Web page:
Improving Child Protection in Kentucky – Part 4

Here is the 4th recommendation from the Office of the Inspector General on improving services from the Cabinet for Health and Family Services.

    In situations where parents are potentially threatening to social service workers, or deny entry to the social service worker, law enforcement should accompany the worker to assure the worker’s safety. Since law enforcement may assume protective custody of a child, without prior approval of the court, workers should be required to contact law enforcement and request verification of the safety of any children in a home, whenever a parent denies access to a social services worker, prior to the worker contacting the court for an ECO. Based on the fact that, once an ECO is issued, even if the worker, upon entry to the residence, determines conditions in the home are safe, they have no recourse but to remove the children. Contacting law enforcement first would prevent the unnecessary removal of children from a home simply because the parent denied the social service worker’s request for access. Further, it will eliminate the perception, whether accurate or not, that children removed in such cases are being removed by social service workers for the purpose of punishing the parent for originally denying access.

This was pretty much standard procedure in my county and it worked well. However, the Cabinet instituted a two track system for referrals during my tenure. Some low risk referrals were taken as family assessments that, on paper, were supposed to be voluntary for the families. This was contrasted with the dependency, neglect and abuse investigations which families had to participate in or at least face non-removal petitions to court order cooperation.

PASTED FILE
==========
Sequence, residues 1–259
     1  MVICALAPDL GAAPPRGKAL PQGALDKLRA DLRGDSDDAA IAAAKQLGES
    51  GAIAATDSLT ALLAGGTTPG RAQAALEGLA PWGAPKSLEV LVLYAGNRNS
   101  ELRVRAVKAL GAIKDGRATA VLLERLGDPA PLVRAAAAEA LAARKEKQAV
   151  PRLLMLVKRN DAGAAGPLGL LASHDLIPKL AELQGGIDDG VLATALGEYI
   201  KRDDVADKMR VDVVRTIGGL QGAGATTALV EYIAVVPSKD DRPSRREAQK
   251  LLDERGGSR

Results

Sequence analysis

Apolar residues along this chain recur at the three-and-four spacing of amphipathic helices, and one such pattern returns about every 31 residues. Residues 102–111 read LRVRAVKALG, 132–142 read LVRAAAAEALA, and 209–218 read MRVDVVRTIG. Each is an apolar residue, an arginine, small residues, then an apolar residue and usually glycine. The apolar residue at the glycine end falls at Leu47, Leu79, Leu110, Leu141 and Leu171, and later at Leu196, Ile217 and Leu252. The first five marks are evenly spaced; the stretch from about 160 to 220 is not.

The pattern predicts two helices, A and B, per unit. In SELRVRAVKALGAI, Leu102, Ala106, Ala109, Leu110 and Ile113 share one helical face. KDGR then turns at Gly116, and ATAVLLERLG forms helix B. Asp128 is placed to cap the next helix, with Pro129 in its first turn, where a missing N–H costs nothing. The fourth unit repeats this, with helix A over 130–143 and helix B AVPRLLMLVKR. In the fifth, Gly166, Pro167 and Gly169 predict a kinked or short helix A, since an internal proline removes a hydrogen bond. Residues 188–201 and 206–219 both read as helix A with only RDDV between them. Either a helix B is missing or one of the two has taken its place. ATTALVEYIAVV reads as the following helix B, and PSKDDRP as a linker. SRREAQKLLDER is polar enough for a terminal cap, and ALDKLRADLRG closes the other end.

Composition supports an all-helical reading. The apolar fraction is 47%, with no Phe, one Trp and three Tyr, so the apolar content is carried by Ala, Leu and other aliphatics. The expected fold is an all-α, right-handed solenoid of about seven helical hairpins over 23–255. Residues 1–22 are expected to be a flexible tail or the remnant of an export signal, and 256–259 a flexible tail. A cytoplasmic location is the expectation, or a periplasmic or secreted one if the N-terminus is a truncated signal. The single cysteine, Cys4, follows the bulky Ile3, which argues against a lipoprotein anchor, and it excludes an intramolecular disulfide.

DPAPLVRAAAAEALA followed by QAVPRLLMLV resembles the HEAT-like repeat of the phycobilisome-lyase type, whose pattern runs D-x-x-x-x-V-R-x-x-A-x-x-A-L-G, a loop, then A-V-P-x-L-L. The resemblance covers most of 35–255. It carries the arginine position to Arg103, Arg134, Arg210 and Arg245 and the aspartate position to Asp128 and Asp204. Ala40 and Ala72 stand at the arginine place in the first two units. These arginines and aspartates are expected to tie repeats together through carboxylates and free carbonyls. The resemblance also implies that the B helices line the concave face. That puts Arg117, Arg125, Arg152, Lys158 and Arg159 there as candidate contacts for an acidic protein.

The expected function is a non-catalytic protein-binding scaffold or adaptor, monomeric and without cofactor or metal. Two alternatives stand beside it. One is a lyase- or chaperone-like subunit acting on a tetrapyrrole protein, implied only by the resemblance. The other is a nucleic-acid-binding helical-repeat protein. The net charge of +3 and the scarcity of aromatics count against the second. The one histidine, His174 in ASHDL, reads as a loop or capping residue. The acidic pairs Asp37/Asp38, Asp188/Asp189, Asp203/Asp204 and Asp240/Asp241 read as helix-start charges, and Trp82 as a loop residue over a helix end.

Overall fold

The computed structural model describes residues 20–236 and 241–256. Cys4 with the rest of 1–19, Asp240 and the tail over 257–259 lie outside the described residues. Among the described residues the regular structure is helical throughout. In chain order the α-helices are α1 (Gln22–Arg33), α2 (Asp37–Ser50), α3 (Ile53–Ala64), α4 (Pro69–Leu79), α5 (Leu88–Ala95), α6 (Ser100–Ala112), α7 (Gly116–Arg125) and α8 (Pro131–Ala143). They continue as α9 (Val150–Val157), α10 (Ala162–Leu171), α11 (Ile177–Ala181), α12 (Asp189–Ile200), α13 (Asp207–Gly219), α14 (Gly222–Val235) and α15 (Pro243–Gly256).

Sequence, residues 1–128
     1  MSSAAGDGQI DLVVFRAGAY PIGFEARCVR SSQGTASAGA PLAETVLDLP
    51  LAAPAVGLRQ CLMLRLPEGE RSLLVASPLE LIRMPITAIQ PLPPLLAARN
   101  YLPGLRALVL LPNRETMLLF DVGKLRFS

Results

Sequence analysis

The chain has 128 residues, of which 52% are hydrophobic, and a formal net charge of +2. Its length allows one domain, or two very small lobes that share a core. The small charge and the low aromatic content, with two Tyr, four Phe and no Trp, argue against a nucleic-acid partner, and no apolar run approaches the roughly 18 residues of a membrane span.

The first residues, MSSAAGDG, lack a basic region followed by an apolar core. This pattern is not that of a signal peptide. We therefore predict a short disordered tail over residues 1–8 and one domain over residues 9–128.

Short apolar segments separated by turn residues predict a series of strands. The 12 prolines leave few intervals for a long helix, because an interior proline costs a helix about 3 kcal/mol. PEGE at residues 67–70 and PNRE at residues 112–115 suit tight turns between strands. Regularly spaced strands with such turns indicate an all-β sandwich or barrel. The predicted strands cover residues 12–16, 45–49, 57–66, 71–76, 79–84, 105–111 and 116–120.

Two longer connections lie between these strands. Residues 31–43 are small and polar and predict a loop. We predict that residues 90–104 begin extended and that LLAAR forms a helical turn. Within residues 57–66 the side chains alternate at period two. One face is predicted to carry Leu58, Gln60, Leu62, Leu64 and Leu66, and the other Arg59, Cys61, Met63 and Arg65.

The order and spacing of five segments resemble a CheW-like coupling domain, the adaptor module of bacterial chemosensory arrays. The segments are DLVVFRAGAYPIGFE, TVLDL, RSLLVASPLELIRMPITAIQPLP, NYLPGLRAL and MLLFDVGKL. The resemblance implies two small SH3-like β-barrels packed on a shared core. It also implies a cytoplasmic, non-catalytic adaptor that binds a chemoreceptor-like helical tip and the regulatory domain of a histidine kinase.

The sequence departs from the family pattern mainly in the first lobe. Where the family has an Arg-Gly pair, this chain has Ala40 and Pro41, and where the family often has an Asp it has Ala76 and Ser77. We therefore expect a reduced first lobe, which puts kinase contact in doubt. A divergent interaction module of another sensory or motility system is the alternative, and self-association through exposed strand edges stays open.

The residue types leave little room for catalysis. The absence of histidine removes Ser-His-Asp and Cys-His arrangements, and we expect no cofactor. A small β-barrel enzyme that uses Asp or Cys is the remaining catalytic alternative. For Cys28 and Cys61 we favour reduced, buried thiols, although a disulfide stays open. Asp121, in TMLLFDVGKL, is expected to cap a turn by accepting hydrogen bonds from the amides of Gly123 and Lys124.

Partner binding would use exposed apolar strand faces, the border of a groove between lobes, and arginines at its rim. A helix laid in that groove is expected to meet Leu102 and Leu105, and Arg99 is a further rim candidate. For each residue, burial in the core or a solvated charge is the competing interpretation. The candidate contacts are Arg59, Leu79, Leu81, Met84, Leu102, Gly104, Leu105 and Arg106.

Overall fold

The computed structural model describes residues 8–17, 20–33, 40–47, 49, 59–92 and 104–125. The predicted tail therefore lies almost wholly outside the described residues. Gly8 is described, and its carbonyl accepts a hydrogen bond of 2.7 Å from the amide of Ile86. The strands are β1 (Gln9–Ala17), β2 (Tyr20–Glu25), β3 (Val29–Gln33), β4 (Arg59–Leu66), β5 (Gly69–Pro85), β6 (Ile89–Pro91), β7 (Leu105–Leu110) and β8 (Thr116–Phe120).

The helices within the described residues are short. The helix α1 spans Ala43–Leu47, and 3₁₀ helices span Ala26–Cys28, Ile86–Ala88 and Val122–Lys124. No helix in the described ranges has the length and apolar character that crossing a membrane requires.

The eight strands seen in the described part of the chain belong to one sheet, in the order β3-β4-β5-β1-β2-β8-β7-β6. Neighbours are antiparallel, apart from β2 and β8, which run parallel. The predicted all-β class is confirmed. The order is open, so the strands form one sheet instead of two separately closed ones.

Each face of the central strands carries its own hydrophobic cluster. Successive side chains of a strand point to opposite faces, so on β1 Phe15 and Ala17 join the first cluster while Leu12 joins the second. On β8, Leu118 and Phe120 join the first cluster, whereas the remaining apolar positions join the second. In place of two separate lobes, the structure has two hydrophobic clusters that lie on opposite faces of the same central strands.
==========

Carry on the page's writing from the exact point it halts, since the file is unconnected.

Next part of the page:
This second tier of Cabinet involvement seemed like a great way to engage in preventive services. Unfortunately, some beaurocrat decided that if a family said they did not want to participate, then that bumped the risk level up so it became a full blown investigation. So much for engaging families.

Even then I was mindful of the careful balance that needed to be maintained between interfering with a family to protect children and respecting the rights guaranteed us through the Constitution. Police officers are specifically trained to be mindful of where that balance point is; the lines that should not be crossed (and yes, sometimes that training is disregarded). Hopefully, this awareness of balancing rights and protection can be, or has been, integrated into social service training.

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